“Some folk rip and roar, some folk b’lieve in signs
But if you want me, you got to take your time
Because I’m built for comfort, I ain’t built for speed”
Built for Comfort (Willie Dixon/Howling Wolf)
There is something (well, actually 40 “somethings”) about the Tarot de Marseill that eludes a facile approach to divination. Even those like me who were weaned on the Thoth Tarot with its semi-scenic minor cards, thus having a leg up on stripped-down analysis, find ourselves hard-pressed to squeeze meaning out of spartan displays of suit-emblem “pips” and cryptic vegetation. There is a powerful temptation to simply import our learned knowledge from working with what I call the “narrative vignettes” of more lavishly illustrated decks and be on our merry way. The more thoughtful among us may limit our infusion of extraneous material to a blending of suit, number and color theory, but the plain truth, as I see it, is that the suit cards of the TdM (and of playing cards before it) comprise a system of gaming that was never intended for fortune-telling. Approaching it with that in mind is a challenging exercise in enforced minimalism, and diluting its essence with external embellishments seems wrong-headed. Despite the rather shrill modernist mantra “Just use whatever works,” it is really best taken on its own terms, slowly and methodically. James Ricklef is my inspiration here: “Let it simmer in the consciousness, it will eventually make sense.”
I’ll be the first to admit that I’m no expert with the TdM, or even a journeyman for that matter. I’ve read the same few English-language books that everyone else has, visited the same web sites, and thought quite a bit about it, but in practice I find myself perpetually falling back on the “suit-and-number” crutch that seems like the only solid rock in a sea of ambiguity. It works after a fashion, but it doesn’t seen very elegant. On the other hand, attempts by some writers to parse the quantity, quality, orientation, state of maturity and relative health of the flowers, leaves and branches that ornament many of the TdM pip cards into valid interpretive fodder aren’t very convincing either. A lot of it falls into incredulous “gimme a break” territory and goes overboard in its earnest fascination with minutiae. There has to be a middle ground somewhere.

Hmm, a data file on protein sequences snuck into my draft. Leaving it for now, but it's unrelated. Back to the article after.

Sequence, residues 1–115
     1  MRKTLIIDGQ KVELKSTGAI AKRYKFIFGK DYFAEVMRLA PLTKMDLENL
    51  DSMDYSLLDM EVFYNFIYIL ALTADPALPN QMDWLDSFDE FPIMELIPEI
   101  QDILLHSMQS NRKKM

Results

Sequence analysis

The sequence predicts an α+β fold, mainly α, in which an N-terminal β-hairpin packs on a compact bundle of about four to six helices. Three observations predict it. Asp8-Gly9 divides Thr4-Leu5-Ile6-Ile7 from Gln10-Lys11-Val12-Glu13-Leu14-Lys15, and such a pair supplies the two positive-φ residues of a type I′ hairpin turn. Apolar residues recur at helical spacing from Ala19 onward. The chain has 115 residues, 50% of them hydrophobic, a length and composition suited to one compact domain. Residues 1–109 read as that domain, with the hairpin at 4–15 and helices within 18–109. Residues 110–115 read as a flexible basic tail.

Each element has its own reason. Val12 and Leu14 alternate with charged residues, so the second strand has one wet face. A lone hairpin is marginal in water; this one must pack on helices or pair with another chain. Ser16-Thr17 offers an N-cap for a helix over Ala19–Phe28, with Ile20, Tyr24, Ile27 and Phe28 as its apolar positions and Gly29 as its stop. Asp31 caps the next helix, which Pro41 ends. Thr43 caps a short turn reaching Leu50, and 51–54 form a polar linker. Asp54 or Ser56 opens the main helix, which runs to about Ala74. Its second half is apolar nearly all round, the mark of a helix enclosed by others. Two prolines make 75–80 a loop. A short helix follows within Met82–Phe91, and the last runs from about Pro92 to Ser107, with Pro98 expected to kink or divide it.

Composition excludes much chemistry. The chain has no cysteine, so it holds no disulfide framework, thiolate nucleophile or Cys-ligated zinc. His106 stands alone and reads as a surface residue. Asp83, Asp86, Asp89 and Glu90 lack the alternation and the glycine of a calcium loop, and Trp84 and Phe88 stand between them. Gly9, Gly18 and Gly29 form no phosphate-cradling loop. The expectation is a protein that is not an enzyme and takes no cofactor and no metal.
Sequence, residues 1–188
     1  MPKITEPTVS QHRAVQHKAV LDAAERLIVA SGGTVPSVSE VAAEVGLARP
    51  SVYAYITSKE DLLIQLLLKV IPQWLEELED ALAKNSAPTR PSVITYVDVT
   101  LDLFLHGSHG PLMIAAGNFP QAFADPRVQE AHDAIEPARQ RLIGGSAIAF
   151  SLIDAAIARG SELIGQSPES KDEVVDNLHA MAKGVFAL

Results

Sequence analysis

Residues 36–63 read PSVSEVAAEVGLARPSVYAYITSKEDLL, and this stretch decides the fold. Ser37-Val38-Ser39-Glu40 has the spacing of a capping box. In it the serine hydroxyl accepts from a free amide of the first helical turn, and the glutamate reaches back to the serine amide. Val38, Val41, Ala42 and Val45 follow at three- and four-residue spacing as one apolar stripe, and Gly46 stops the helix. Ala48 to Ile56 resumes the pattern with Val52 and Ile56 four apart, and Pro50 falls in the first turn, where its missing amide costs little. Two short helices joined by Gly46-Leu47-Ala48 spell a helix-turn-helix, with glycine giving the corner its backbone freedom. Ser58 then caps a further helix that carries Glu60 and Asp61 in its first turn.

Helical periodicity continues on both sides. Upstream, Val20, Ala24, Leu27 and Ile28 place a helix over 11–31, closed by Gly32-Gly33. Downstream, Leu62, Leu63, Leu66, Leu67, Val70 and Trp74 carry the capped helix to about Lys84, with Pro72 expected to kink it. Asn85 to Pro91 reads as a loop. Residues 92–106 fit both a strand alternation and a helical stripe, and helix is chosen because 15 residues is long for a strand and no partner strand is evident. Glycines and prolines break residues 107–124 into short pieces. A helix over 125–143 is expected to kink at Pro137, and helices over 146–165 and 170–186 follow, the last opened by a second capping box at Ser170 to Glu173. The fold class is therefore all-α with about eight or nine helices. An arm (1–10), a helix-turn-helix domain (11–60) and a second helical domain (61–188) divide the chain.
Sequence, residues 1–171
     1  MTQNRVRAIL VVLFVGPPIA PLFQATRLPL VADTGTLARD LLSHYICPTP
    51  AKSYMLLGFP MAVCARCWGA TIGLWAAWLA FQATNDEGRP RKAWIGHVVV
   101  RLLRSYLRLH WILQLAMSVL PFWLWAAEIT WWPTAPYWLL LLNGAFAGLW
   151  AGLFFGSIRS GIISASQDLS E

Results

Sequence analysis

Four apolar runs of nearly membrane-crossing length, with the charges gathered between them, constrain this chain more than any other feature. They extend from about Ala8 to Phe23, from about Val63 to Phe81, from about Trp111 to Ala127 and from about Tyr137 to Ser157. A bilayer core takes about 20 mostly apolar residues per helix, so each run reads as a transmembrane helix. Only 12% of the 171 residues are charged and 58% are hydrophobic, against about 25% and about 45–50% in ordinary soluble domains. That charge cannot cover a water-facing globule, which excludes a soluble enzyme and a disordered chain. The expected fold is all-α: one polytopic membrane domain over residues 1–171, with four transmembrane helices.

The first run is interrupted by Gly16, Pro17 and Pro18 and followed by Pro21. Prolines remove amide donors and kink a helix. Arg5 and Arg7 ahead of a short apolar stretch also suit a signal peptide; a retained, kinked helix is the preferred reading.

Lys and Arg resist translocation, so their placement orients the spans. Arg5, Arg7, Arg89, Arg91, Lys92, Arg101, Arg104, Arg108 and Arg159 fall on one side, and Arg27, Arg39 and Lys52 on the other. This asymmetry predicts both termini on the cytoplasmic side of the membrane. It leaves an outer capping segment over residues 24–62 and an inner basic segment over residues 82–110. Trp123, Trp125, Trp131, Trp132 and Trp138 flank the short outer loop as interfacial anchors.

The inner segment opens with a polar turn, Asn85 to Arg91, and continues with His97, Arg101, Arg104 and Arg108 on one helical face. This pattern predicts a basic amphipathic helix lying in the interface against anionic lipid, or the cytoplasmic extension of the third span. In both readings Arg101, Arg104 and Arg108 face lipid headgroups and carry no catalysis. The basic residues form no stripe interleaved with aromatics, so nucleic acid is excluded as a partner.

I think the most insightful advice I’ve received so far came from Sherryl Smith’s Tarot Heritage blog: read the TdM cards the way you would the Lenormand. Once you decide on the core meaning of a single card, wring out its permutations and ramifications in combination with other cards. This seems like a more productive road to a comfortable working relationship with the TdM than relentlessly piling on keywords in the hope that something will click and make it all crystal-clear. Patience and a judicious economy of terms will eventually yield a slender harvest of meaning that is the antithesis of the “Big Mac” school of overblown intuitive excess. For traditionalists (don’t look at me, I’m an omnivore), the charm of the Tarot de Marseille lies is in its relative austerity and simplicity, not in its “ready-to-wear” convenience. Maybe someday I will even be (almost) blase about reading for other people with it.